Garth Brooks Is the Ultimate Country Arena Performer
Here we have an example of Garth's "I forgot the lyrics" face.
Garth Brooks did my job for me Friday night when he took a moment toward the end of his set to talk to me about my concert review. Okay, I realize that sounds a little bit egotistical and far-fetched. I’ll clarify: He took a moment to address all of my media cohorts in the building by referring to us as “the press” before saying, and I’m paraphrasing here, that he knows we, “the press,” judge everything about his next two weekends of performances off opening night only. “So get ready,” Brooks warned us, “because Arizona, you kicked some serious ass tonight.”
I’m not going to argue with him on this. The crowd at Talking Stick Resort Arena at Garth Brooks’ first Valley concert in nearly two decades did indeed kick some serious ass. They were deafening with maniacal screams and cheers that never once fell below roar volume for the duration of the two-hour show. Brooks even took time to wallow in their madness at one point when he held a contest to see which section of the stadium could be the loudest by dividing the arena into quadrants that would erupt with noise every time he pointed his thumb-and-index-finger six-shooter at them.
So my disclaimer to fans attending one of the next five performances Brooks has scheduled is this: You have been informed, and the bar has been set. Get ready to get loud.
Garth Brooks has embraced a key marketing strategy for his current world tour: setting up shop in a city for several weeks and playing multiple shows over that span, effectively milking every penny out of local audiences. It is something that only a superstar could pull off, but it’s clear that he learned the tactic from his three-year stint (which ended in 2012) as a weekly performer at the Wynn Hotel and Casino on the Las Vegas Strip.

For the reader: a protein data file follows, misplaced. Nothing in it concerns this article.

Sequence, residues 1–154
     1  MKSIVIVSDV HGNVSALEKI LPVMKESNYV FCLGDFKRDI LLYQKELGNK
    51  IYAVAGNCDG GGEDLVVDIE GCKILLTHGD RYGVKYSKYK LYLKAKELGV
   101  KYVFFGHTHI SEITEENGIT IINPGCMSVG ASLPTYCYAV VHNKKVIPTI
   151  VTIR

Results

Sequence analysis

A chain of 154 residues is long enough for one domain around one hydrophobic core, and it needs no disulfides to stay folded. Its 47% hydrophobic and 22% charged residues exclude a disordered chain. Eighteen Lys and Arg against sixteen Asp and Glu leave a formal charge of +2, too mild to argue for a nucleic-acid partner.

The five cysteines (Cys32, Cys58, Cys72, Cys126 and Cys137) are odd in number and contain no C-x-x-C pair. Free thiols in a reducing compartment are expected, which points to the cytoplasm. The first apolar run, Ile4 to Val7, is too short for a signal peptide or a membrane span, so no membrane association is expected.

The man that introduced arena rock concerts to country music began his performance when the cube-shaped LED screen in the center of the stage illuminated with a countdown. It turned out to be a countdown to an explosion, because when the clock hit zero, the crowd came alive as the band, followed by Brooks, took the stage, which was designed to allow Brooks access to all four sides of the massive square. A giant sphere (which looked like the Gyrosphere from Jurassic World) in the middle housed the drummer, and Brooks was able to entertain fans along the entire circumference of the arena.
After opening with “Man Against Machine,” from his 2014 album of the same name, Brooks assuaged fans who may have already been jumping the gun and considering throwing out the baby with the bathwater by offering up: “When I pay for a seat, I want to hear the old stuff. Yes, we have a new album, but we're here with the stuff we hope you want to hear. You're at a Garth show!" The declaration pleased the crowd, and Brooks wisely did not shove anymore songs that nobody knew down our throats.